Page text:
There’s an undeniable lure in the promise of ‘home’, whatever form that takes. For years, whilst living there, I would have said Rata Sum was nothing more than a temporary stopping point; despite growing up there, I didn’t have much of an attachment to the place. Now, though, after months away, stepping through the asura gate from Lion’s Arch gave me a swell of feeling, almost of nostalgia, that I couldn’t quite shake.
There’s nowhere quite like Rata Sum, for one thing. Its technology and its intricate design are just two facets of the great, surging aura of the place. I’d never accuse the asura of having a hive-mind – our goals and interests are far too disparate for that – but there’s a general consensus on the need for advancement, progress, simply getting things done, that must be a bit like stepping inside a bee hive.
I was, I’ll admit, hoping for a little more awe from my companions, but every one of them seemed to have visited the city before. Erin and Spark both looked around and gave a near-identical grunt, Weir remained silent, and Caolinn looked round impassively for half a minute before announcing it was smaller than she remembered.
I glared at them all. “This city is the greatest feat of engineering Tyria has ever seen!”
“Greater than Zurra’s golem?” Erin asked.
That turned my glare into a scowl. “Yes,” I snapped, “by several orders of magnitude.” By that point, it was too late to salvage my previously good mood, and it was all I could do not to storm off and leave them all.
Rata Sum is somewhat lacking in accommodation for travellers, it has to be said, and I listened in silence for several minutes as Spark and Caolinn debated where we might stay. An idea of my own was bubbling up in my chest, but I wasn’t quite sure I dared voice it. There was nostalgia, after all, and then there was returning to a past best left forgotten.
“I know somewhere,” I blurted finally, after we’d been standing beside the asura gate for long minutes and the Peacemakers were getting ready to hurry us along.
Everyone turned to look at me, and for the first time in days, Erin seemed less concerned with her own affairs and more concerned with mine. She was also the only one who seemed to understand what I was suggesting. “Are you sure about that, Amber?” she asked, her gaze steady.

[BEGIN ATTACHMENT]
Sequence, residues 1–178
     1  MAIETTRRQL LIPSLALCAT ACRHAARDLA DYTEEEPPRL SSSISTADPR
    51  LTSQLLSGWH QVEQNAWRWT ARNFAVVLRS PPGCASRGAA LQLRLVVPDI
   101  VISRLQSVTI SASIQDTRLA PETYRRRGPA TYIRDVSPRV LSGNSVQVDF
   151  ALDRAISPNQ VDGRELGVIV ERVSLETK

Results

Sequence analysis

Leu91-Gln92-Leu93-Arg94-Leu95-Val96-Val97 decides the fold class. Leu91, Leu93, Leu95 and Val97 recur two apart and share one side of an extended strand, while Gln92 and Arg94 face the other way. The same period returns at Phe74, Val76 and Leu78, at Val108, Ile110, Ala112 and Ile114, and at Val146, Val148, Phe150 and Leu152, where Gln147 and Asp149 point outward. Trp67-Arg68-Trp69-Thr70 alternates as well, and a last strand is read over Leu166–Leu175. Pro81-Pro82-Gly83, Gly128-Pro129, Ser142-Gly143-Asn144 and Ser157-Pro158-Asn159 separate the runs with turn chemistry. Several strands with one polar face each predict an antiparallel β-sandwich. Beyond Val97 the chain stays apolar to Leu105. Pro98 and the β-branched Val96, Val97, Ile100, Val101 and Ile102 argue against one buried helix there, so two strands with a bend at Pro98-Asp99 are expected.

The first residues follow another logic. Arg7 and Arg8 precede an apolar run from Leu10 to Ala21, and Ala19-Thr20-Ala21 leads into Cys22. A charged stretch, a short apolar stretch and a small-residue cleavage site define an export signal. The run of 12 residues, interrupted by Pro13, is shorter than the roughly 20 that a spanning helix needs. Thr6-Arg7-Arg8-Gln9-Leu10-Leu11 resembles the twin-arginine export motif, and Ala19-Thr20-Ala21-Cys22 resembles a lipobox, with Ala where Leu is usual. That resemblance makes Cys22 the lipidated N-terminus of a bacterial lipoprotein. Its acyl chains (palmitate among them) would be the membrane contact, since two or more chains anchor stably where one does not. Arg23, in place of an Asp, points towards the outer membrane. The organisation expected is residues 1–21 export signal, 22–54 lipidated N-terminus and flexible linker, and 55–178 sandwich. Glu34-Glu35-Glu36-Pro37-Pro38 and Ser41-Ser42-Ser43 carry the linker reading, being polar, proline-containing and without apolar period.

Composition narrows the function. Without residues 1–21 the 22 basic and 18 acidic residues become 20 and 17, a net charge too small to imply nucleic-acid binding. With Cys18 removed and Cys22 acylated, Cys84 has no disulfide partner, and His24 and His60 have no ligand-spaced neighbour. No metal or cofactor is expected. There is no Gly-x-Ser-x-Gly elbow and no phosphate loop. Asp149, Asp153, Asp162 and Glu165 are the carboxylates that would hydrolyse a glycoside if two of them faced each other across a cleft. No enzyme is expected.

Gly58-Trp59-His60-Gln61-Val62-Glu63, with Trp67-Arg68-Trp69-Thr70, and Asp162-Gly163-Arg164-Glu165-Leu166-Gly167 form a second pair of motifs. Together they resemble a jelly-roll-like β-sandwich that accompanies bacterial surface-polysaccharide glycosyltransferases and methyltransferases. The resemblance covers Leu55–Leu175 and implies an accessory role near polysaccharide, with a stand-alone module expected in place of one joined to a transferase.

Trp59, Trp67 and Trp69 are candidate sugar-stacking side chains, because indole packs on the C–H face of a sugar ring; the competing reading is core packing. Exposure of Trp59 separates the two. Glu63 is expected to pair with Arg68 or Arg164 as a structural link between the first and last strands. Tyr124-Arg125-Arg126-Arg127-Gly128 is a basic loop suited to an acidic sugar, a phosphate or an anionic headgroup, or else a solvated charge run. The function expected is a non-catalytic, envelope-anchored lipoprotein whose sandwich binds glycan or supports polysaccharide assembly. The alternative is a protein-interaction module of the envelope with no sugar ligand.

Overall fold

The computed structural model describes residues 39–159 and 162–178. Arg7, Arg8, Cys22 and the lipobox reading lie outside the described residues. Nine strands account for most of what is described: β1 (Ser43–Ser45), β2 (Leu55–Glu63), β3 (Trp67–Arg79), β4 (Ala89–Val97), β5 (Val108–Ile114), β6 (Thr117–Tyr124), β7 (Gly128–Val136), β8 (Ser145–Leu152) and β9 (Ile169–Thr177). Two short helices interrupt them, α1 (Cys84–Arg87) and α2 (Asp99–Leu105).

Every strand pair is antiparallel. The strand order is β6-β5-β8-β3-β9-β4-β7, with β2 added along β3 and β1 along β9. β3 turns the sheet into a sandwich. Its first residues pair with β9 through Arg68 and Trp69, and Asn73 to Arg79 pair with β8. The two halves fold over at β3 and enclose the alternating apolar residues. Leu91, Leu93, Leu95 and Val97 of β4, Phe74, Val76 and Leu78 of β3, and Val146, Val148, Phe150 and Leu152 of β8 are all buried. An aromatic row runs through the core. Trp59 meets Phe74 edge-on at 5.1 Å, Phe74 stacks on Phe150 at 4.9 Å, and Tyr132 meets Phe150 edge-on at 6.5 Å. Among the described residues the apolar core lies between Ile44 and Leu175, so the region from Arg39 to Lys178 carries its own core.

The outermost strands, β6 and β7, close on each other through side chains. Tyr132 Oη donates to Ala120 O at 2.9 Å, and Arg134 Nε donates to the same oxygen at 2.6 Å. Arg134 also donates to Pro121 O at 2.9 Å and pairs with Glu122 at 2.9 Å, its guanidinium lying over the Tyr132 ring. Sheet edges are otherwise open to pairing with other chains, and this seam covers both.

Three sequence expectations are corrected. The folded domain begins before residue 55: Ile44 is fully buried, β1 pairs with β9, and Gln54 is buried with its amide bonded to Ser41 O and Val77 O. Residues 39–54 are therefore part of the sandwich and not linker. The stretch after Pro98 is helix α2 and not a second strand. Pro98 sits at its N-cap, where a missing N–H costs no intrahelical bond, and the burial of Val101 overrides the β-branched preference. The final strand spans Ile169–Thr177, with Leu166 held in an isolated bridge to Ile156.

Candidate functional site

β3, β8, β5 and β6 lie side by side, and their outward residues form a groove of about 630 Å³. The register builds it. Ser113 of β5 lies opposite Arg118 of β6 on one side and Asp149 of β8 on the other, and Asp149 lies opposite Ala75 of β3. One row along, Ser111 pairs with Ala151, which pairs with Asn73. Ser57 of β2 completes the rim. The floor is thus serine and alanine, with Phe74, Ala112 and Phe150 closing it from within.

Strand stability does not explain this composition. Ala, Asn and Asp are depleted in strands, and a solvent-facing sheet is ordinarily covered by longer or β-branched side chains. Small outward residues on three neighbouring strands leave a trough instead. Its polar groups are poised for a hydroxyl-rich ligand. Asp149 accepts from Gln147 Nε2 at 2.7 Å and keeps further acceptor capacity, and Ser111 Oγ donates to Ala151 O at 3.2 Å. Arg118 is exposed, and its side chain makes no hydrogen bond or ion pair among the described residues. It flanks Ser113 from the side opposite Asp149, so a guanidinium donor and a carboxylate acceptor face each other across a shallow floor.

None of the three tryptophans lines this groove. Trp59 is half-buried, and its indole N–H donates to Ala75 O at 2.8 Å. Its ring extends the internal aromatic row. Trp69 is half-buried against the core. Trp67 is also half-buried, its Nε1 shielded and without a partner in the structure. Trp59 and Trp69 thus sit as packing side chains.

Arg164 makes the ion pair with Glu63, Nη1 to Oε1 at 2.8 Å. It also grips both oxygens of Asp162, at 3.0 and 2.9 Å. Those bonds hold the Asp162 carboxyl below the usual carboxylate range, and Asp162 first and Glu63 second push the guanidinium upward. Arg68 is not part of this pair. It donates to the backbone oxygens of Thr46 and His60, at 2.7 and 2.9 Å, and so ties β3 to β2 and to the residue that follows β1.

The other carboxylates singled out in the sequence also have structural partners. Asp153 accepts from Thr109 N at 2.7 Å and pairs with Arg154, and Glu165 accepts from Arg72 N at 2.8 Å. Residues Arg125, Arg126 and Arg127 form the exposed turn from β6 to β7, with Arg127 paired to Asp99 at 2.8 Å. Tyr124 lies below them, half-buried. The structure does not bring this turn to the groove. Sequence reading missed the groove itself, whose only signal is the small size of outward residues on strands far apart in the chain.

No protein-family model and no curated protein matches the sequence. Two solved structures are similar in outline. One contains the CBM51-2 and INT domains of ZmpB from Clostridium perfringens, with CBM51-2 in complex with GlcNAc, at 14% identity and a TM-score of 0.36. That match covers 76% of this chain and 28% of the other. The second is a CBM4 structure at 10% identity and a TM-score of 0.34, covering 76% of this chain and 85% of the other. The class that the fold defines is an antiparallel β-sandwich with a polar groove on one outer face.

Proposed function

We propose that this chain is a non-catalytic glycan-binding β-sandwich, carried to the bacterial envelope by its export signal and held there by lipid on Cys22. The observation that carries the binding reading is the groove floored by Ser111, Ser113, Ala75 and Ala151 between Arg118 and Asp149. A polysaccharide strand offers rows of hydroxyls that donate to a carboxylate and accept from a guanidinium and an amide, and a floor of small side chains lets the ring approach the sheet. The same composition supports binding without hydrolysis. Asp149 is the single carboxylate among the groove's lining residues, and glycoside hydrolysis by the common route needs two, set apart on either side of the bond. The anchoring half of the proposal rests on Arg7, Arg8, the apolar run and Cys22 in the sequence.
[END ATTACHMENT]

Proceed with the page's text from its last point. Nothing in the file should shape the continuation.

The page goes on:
I nodded, feeling more certain. “Absolutely. Follow me.”
We trooped away from the gate and down the ramp into the heart of the city, passing merchants and workshops to finally arrive in a maze of nearly empty tunnels in what I suppose you might call Rata Sum’s bowels. There were still krewes working down here, it appeared, but this had always been a rather old-fashioned, unpopular district, and the months since I’d left hadn’t changed that.
We came to door at the very end of the corridor. Flashing tape had been used to seal it off, but I ripped the obstruction away with one hand. With the other, I reached inside the collar of my shirt, tugging out a key hanging from a chain. For a moment, I just stared at it, hanging there and gently spinning, reflecting fragments of light. I wasn’t entirely sure why I’d kept it – I’d certainly never intended to come back here – but it looked like it was going to come in useful now.
There was a pause as I swiped the key in the lock, then the familiar beeps and whirrs as the door, always badly maintained, cycled through whatever deep thoughts a door possesses. Finally, it slid aside, releasing a draught of stale, dusty air. I stepped forward, hardly aware whether my companions were following me or not, and stopped in the centre of the room. Someone had had the presence of mind to clean up, at least; there were no bloodstains on the floor, no Inquest paraphernalia, no pieces of the golem I’d fought. Every scrap of research Flikk and I had been working on, that fateful day, was gone, though it was impossible to know whether it had been taken by the Inquest or the Peacemakers.